As the number of those impacted by the coronavirus (“COVID-19”) pandemic continues to grow, affected parties across all industries look for guidance on how to deal with this novel situation. Governments and private parties are analyzing project contracts as they take precautionary actions to prevent the spread of COVID-19. In this midst of all of this confusion, two questions arise: What does the COVID-19 pandemic and the steps being taken in response mean for your project contracts? And, will an excusable delay/force majeure clause provide any protection for the impacts of COVID-19?
Force majeure or other excusable delay clauses (“force majeure clauses”) grant parties contractual relief from some or all performance when specified events beyond the control of the parties occur and impair the ability of one or both of the parties to perform (a “Force Majeure Event”). The question of whether a force majeure clause in a project contract will address schedule or cost impacts attributable to the effects of the COVID-19 pandemic involves a three step analysis.
First, determine whether the force majeure clause provides relief to either the owner or the contractor (or both) in the event of a situation like the COVID-19 pandemic. The force majeure clause will typically define in detail what constitutes a Force Majeure Event. Force Majeure Events are often defined to include events like natural disasters, terrorist attacks, labor action, government-declared emergencies, epidemics and pandemics.
Second, determine any limitations that apply to the protections under the force majeure clause. Many such clauses only allow relief if the Force Majeure Event materially impacts the work to be performed and the work schedule under the contract. The clause may similarly dictate that the event affected the project site or geographical area in which the project is located. Most project contracts require the contractor to take commercially reasonable measures to mitigate the impact of a force majeure event. This duty to mitigate is critical to consider as some work, for example design work, can still proceed remotely and is less likely to be materially impacted by a pandemic such as COVID-19. Construction, utility and other field work as well as work related to operation and maintenance of projects in the operating phase, on the other hand, may be more likely to be impacted by precautionary measures put in place to combat the spread of COVID-19.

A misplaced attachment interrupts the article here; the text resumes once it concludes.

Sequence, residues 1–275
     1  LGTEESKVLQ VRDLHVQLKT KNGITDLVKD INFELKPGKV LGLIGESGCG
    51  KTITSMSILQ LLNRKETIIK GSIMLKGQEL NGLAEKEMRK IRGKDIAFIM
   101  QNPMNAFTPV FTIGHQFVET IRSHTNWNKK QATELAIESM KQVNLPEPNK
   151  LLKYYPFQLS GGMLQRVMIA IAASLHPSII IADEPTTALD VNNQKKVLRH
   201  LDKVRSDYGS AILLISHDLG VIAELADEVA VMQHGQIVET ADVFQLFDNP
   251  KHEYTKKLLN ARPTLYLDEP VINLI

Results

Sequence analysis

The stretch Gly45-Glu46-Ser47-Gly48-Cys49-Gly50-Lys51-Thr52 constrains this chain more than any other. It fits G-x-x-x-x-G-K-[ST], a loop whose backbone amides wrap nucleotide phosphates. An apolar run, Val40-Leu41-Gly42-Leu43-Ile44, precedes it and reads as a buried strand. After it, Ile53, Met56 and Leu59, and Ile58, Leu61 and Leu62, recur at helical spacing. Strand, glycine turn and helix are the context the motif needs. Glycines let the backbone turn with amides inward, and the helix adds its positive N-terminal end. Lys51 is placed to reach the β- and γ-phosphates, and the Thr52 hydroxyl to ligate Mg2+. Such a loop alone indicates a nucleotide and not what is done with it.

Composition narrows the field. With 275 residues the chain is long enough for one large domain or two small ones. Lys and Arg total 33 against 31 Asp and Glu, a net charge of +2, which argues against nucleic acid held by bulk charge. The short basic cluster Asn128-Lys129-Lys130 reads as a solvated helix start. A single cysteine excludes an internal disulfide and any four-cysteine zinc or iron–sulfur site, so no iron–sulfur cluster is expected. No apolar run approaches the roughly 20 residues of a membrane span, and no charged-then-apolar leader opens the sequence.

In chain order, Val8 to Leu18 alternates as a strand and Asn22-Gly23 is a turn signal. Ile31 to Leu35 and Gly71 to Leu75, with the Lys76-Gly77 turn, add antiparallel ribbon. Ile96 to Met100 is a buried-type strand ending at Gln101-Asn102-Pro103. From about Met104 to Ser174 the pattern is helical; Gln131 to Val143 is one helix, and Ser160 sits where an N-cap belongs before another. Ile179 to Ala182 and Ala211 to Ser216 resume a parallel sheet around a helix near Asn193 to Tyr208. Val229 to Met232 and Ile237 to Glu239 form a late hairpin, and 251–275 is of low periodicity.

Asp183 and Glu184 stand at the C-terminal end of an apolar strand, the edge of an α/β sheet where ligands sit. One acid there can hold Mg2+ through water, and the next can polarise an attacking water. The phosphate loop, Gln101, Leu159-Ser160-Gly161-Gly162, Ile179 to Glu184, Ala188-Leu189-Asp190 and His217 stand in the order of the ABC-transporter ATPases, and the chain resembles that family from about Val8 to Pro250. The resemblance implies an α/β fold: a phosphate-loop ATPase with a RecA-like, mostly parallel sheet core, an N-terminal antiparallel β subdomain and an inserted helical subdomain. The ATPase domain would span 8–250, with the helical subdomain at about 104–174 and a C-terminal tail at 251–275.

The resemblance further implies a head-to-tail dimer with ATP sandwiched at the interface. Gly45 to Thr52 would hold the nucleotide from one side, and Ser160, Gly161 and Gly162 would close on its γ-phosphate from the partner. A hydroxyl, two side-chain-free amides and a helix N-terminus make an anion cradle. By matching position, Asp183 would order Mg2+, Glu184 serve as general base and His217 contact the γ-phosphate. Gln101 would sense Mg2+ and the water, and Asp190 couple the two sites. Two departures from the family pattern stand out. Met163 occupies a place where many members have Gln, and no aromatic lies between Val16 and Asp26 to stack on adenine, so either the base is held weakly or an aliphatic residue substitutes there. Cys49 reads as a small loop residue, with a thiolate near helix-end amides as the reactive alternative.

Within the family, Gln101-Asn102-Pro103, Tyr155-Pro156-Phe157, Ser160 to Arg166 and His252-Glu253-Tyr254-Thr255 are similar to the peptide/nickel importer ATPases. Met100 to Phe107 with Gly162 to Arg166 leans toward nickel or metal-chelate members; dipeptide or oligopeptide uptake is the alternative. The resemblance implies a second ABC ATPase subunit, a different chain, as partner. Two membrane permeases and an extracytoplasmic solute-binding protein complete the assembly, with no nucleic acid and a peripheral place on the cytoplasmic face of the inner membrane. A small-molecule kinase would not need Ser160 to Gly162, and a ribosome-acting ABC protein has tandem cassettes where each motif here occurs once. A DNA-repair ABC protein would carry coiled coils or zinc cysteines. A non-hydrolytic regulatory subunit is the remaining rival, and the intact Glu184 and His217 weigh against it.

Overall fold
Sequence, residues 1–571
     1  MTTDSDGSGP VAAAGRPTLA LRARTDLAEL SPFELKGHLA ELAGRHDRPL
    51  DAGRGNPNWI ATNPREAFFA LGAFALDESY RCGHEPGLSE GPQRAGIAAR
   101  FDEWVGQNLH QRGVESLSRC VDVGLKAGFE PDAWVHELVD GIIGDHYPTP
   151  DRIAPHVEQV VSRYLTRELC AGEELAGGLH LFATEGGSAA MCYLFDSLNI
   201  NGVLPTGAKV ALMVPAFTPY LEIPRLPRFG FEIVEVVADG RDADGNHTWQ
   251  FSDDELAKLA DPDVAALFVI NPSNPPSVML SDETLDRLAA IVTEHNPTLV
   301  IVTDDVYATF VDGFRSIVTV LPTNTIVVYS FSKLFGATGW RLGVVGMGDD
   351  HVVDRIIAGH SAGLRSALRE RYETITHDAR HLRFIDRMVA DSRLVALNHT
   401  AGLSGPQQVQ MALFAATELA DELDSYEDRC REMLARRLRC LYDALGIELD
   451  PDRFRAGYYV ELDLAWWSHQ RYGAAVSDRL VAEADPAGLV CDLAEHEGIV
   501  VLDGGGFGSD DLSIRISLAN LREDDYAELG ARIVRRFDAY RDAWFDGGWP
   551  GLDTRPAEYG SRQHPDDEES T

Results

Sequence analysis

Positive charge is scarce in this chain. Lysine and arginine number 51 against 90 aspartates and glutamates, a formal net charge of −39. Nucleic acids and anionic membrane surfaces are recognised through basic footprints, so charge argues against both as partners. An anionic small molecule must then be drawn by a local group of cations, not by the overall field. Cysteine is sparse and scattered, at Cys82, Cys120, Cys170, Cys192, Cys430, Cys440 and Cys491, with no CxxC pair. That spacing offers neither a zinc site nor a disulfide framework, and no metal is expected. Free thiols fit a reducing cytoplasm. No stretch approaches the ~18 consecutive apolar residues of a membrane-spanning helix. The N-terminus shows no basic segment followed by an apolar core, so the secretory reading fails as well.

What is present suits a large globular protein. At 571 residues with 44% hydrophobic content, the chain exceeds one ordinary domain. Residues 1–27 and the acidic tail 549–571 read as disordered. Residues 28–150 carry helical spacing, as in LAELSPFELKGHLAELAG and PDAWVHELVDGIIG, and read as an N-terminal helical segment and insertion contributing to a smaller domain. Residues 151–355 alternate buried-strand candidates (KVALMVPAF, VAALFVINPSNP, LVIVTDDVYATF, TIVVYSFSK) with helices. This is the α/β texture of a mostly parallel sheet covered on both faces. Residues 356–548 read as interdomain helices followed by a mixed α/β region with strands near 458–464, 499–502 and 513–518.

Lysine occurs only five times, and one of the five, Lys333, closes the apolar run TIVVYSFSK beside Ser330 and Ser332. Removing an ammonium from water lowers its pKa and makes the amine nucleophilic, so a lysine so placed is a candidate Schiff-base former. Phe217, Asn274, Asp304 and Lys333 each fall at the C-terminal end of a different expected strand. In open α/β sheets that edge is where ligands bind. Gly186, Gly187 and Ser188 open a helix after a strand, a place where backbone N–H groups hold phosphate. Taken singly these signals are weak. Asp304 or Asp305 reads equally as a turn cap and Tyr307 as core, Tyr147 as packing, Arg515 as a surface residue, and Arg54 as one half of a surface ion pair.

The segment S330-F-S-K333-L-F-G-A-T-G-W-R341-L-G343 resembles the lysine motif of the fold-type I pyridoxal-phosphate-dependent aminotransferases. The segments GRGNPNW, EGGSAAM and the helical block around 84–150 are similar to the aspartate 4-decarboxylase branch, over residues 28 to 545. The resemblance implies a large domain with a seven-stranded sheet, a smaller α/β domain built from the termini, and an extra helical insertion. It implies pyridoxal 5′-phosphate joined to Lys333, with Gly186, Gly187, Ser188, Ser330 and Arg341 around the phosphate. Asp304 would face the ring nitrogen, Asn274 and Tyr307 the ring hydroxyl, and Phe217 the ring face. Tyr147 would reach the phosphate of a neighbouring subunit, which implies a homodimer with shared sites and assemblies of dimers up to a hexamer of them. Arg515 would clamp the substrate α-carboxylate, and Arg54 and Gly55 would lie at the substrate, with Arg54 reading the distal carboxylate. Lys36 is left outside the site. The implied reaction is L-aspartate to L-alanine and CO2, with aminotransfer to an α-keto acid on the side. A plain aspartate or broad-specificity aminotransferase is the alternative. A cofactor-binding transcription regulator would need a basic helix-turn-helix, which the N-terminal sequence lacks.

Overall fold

Lastly, determine what relief can be sought. This step in the analysis allows the parties to the contract to plan and manage the likely project impacts. Project contracts may vary in the nature of relief provided and relief may even vary depending on the type of Force Majeure Event in question. Force majeure clauses in design-bid-build contracts normally allow time extension only, without the right to additional compensation. Clauses in alternative delivery contracts may be similarly limited, or may allow additional compensation for costs incurred as a direct result of the event, or may provide for the parties to share certain costs. Additionally, some contracts may exclude cost relief for matters where the contractor’s insurance provides coverage.
With the uncertainty surrounding the COVID-19 pandemic, more and more infrastructure projects are likely to be directly impacted. Now is the time to conduct a full analysis of your project contracts and plan for the potential impact of COVID-19.
For more than 18 years, Elizabeth Cousins has advised clients on an array of important infrastructure projects delivered through public-private partnerships (P3s), progressive and fixed price design-build ...
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